Friday, November 16, 2007

And the judge wore pink . . .

One of my favorite law school memories was attending a Global Constitutionalism seminar with judges from around the world. Into a room of stuffed shirts walked Judge Noelle Lenoir (pictured at left) of the French Conseil Constitutionnel -- wearing a hot pink mini-skirt. It was one of the few moments in my three years at Yale that made me think that one could be brilliant, successful, and stylish -- and most definitely female. So imagine my delight at being invited to speak at the National Association of Women Judges' annual conference, which was held last week right here in Philadelphia, to a whole room full of accomplished, intelligent, engaged feminist judges. I was not disappointed; the audience was probing, lively, and witty. While I did not get a definitive answer to my question of why my co-authors and I found that female immigration judges granted asylum at a rate 44% higher than that of male immigration judges (see this post for further description of our study, forthcoming in the Stanford Law Review this month), I received plenty of thoughtful feedback on my talk. I was also impressed with the response to Immigration Judge Rosalind Malloy's excellent talk on the current state of female genital mutilation claims in U.S. asylum law (discussed here). The judges were roundly concerned with the narrowing of relief for women seeking protection against FGM, and asked what the NAWJ as a group could do to stem this disturbing tide. Not only feminists, but activists -- this was really starting to be fun. Unfortunately, I was not able to attend the international panels, which would have been of interest to this readership, but I did hear a plug for the next International Association of Women Judges' conference in Panama next March. The IAWJ is a group of over 4,000 judges from 87 nations working to "advance human rights, eliminate discrimination on the basis of gender and make courts accessible to all," including through the application of international human rights law in domestic courts. So what are you waiting for, Grrls? Pull those hot pink minis out of your closet, pack them up, and head on down to Panama to make Judge Lenoir proud.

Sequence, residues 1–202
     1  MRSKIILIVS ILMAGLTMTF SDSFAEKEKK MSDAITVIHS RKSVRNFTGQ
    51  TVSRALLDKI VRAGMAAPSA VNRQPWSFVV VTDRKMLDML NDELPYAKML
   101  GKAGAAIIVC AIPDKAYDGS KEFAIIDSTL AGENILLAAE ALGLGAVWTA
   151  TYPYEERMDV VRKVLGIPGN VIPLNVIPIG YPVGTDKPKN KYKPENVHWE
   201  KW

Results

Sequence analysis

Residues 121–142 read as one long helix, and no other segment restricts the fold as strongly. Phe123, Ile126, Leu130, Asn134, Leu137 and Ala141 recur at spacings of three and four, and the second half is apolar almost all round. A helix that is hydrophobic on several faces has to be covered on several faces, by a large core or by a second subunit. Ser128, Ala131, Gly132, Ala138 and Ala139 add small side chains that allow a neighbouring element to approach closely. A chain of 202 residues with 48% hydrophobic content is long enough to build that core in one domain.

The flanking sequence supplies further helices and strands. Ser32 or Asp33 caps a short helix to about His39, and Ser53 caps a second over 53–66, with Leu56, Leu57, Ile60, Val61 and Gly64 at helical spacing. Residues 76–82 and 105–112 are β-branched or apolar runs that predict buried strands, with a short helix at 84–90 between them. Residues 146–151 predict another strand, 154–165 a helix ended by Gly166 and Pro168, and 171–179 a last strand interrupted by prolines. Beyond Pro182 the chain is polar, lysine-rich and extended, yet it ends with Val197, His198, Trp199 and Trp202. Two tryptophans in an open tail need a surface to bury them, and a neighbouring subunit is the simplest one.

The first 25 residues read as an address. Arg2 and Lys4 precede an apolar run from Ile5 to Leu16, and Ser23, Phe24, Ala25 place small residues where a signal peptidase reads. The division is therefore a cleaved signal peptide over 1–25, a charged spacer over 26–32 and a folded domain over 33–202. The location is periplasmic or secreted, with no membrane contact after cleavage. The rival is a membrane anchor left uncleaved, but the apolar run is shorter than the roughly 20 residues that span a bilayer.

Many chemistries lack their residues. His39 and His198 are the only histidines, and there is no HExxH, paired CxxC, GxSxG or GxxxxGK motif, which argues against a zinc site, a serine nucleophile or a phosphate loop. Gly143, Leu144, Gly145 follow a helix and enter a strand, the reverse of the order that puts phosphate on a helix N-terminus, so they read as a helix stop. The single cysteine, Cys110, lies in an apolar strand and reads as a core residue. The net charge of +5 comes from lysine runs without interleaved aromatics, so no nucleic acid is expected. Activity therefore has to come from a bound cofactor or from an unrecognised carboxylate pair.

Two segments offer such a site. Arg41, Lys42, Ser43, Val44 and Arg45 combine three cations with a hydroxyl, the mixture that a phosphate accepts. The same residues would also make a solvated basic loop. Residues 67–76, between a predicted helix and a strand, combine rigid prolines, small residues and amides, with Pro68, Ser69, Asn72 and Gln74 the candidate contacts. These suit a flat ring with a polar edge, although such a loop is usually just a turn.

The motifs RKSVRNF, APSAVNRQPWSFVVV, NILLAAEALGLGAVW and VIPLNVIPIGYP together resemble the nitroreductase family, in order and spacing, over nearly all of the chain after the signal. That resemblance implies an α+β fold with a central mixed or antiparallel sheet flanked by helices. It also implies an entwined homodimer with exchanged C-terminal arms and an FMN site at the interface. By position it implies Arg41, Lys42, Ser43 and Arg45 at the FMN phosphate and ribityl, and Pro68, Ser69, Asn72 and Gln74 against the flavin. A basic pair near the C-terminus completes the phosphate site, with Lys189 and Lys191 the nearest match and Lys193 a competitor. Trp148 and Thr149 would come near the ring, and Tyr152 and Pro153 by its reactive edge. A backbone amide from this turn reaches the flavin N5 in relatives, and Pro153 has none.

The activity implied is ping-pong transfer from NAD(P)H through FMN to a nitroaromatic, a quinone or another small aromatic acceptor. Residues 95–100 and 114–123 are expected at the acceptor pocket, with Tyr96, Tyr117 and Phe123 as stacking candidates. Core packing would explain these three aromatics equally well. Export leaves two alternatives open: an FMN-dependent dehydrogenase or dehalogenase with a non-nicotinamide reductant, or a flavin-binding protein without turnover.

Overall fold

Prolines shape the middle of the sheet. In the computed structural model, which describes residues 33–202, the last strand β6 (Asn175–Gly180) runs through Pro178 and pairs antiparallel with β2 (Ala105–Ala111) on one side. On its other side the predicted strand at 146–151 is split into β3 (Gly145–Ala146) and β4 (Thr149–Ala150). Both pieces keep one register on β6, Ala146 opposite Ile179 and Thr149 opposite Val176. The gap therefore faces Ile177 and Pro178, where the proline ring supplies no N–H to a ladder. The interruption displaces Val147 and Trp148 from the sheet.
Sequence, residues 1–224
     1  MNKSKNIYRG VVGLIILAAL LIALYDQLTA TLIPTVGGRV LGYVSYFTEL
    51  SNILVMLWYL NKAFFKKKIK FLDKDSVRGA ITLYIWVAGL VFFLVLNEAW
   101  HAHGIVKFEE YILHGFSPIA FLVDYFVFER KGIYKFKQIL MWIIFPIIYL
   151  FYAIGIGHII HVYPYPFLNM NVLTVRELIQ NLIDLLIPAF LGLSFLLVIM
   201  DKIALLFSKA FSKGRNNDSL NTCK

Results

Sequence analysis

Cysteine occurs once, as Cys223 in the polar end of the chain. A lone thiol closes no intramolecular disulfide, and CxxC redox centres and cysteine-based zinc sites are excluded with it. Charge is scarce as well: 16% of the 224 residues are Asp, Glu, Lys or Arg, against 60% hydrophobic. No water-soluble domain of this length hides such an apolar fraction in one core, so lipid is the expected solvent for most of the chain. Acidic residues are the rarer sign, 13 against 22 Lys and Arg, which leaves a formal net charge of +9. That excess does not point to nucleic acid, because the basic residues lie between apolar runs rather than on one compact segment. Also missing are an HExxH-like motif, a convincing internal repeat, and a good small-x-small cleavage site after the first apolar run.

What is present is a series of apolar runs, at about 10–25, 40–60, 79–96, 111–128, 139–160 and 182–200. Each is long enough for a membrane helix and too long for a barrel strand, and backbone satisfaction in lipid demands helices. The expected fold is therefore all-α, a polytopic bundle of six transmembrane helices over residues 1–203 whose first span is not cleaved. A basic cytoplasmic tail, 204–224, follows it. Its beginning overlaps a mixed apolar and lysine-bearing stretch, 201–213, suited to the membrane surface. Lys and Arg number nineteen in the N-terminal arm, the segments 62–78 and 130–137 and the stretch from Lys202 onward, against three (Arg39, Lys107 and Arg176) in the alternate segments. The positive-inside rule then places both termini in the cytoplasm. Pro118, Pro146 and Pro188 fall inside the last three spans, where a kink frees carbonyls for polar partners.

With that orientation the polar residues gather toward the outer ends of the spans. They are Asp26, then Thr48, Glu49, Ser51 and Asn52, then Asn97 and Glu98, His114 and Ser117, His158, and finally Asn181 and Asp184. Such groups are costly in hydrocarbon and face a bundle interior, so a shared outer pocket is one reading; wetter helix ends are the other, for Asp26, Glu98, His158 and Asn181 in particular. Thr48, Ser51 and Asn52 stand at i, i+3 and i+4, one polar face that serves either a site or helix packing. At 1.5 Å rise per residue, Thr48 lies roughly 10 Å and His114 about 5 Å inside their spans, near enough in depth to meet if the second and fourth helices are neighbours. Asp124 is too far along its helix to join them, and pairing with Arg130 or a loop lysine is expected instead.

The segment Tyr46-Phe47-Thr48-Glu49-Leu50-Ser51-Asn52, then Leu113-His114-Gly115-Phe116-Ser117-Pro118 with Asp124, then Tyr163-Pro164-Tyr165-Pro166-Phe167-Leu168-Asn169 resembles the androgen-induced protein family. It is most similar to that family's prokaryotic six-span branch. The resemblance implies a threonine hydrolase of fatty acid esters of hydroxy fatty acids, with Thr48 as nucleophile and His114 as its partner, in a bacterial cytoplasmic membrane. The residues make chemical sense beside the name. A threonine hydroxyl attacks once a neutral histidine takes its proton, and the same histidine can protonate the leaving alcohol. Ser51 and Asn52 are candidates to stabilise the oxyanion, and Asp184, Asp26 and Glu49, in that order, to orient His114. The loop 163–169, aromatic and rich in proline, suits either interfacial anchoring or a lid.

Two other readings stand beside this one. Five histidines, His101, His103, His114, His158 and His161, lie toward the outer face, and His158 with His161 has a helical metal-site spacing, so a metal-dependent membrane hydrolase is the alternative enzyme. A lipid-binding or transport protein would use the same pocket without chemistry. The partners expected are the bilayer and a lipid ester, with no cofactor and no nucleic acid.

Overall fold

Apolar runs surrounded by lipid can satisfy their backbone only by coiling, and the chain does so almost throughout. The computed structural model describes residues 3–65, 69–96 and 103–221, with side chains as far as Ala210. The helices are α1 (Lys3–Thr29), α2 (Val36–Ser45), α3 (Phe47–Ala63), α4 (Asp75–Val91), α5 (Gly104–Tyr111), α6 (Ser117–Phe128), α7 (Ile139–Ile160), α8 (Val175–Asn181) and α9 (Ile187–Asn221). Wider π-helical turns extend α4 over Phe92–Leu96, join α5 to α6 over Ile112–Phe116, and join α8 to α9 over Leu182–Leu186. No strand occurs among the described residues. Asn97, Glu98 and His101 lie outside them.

1 comment:

Daleth Carey Hall said...

I remember when I taught English in Paris, one of my students was a female CEO who'd graduated from the top business school in the country (an ecole nationale)--the outfit of hers that I remember most vividly was a form-fitting miniskirt suit the color of orange sherbet, plus a pair of transparent plastic platform heels. This is what she wore to work. Magnificent.